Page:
TRENTON – Legislation sponsored by Senator Jim Whelan and Senator Ronald Rice that would establish a Medicaid program to provide housing-related services to individuals experiencing chronic homelessness was approved today by the Senate Health, Human Services and Senior Citizens Committee.
Currently, individuals experiencing chronic homelessness are generally entitled to medical assistance benefits through the Medicaid program, which are often necessary to treat mental health and substance use disorders that may both cause and be exacerbated by homelessness. This bill, S-1901, is intended to capitalize on federal Medicaid reimbursements to improve services provided to individuals experiencing chronic homelessness, while making available State, county, and local resources that can be repurposed to support other services for the homeless.
“Promoting community integration for those who are suffering from chronic homelessness is crucial to keeping them safe and healthy,” said Senator Whelan (D-Atlantic). “By creating a program in New Jersey, with available federal funding, that supports individuals who are experiencing homelessness, we can make a meaningful difference in their lives.”
Under the bill, the program would include State-level collaborative activities, intended to develop closer relationships among the various State, county, and local programs that provide services to individuals experiencing homelessness. The bill would also require the program to provide individual housing transition services and individual housing and tenancy sustaining services to those experiencing chronic homelessness. The bill would provide several specific services that may be provided, but permits the Commissioner of Human Services to determine the appropriate service package and service delivery modalities.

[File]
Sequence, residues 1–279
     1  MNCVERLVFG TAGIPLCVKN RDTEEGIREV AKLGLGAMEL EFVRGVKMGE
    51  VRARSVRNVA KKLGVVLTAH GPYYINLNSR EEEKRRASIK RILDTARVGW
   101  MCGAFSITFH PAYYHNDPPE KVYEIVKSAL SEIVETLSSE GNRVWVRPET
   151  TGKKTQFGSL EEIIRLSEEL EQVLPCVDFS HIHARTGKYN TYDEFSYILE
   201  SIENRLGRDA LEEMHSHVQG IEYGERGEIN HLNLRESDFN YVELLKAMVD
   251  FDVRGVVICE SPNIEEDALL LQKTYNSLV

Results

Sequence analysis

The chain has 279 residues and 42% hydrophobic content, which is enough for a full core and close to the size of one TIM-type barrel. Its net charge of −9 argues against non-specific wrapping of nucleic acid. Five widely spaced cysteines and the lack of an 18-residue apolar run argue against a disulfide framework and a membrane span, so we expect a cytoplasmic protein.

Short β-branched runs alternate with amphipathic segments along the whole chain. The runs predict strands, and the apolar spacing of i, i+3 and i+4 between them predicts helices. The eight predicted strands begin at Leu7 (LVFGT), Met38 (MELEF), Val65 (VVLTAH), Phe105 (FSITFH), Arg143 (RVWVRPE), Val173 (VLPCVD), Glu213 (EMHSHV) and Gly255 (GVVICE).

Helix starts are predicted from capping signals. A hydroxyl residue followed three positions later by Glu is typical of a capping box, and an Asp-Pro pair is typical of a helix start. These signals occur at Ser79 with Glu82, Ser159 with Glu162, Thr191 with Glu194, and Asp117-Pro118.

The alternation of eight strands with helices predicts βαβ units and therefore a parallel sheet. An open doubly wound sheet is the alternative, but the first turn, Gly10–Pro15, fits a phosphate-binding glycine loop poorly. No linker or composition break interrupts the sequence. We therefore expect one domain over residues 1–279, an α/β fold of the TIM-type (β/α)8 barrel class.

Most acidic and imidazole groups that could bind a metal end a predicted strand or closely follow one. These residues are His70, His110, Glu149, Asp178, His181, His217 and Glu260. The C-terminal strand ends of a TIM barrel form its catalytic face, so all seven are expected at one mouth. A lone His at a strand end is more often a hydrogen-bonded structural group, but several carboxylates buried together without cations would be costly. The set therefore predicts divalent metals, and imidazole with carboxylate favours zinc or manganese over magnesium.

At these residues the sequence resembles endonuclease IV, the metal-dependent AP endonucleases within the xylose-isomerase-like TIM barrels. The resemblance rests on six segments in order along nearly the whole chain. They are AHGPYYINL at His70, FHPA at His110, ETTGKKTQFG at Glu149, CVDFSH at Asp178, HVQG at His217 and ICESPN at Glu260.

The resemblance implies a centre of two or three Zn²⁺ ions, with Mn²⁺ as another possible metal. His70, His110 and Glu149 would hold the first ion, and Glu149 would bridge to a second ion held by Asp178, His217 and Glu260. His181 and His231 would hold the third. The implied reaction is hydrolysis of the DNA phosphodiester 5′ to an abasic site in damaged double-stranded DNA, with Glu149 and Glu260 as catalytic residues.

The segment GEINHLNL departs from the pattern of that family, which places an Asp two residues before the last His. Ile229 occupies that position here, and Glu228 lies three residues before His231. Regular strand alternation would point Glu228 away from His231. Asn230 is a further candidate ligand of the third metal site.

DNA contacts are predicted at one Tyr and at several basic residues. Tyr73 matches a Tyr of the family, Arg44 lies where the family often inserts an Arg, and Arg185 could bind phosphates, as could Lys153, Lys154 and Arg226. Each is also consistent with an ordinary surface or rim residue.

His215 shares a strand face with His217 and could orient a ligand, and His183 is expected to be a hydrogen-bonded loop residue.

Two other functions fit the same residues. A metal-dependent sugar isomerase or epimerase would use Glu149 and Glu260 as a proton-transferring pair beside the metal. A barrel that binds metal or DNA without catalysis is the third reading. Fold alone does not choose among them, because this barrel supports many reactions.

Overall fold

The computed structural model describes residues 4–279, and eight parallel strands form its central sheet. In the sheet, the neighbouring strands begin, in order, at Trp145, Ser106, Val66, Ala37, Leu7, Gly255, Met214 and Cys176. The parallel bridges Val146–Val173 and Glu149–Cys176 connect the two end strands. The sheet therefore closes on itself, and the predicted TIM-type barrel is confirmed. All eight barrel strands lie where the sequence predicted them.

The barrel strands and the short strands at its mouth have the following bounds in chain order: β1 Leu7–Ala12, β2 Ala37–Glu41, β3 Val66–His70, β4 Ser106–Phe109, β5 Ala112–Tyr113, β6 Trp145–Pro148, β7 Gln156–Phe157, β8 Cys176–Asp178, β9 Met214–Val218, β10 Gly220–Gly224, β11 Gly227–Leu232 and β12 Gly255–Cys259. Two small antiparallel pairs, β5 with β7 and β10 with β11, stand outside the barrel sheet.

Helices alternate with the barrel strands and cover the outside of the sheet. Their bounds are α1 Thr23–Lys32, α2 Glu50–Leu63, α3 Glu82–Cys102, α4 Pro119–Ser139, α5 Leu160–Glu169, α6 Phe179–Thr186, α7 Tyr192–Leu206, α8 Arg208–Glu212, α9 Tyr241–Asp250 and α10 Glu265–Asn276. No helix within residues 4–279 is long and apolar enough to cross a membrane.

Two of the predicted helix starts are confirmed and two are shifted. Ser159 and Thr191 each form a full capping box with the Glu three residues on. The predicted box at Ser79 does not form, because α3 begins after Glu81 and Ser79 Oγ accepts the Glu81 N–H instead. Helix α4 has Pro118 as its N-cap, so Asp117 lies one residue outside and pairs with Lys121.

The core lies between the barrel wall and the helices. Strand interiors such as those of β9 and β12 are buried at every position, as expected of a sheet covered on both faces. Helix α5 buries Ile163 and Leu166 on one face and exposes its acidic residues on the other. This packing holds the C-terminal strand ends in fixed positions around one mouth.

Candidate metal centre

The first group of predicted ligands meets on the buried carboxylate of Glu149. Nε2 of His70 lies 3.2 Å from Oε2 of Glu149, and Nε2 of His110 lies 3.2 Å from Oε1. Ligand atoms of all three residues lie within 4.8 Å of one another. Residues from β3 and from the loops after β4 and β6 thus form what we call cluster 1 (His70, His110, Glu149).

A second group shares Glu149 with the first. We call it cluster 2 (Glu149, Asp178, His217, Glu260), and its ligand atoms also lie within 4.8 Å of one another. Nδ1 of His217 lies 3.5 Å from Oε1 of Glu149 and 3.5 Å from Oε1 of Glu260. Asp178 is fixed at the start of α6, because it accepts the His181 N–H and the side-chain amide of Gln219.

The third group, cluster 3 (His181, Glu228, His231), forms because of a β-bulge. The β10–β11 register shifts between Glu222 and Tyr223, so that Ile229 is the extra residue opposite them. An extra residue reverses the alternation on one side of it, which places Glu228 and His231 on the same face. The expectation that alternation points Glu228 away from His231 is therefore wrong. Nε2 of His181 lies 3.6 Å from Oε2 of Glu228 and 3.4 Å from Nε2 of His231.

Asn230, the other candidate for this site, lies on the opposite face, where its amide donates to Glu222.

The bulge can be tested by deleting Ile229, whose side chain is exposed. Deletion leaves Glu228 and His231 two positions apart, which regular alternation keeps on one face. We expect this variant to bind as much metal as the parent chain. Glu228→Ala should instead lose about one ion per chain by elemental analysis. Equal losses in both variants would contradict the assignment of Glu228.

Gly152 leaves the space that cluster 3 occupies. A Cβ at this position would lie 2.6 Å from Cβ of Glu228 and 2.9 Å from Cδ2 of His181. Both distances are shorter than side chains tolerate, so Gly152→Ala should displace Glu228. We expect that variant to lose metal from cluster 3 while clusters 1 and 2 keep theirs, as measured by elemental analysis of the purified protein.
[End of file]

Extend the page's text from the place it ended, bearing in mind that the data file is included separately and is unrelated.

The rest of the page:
“We have communities in our backyards that have large homeless populations, and we can’t just look the other way and ignore the problem,” said Senator Rice (D-Essex). “We need to support these individuals into permanent housing, and this bill will do so by making available services that will help their transition and help them sustain tenancy.”
Although the federal government does not allow federal Medicaid reimbursement for room and board expenses, the Centers for Medicare and Medicaid Services (CMS) issued guidance to state Medicaid offices in June 2015 on the types of housing-related services for which states can claim Medicaid reimbursement. These could include helping homeless individuals apply for housing to housing transition services to tenancy sustaining services like coaching on developing and maintaining relationships with landlords and neighbors and assistance in resolving disputes to reduce risk of eviction.
Communities with large homeless populations are increasingly turning to a strategy known as “housing first,” in which homeless individuals are helped into a permanent home before or at the same time as other services address the medical and behavioral problems that may provide obstacles to long-term successful tenancy. Research suggests that the lack of a stable home may limit the effectiveness of these treatments, which thereby makes it less likely that an individual will be able to live a stable, healthy life.
The bill passed the Senate Health Committee by a vote of 9-0. It now heads to the Senate Budget and Appropriations Committee for consideration.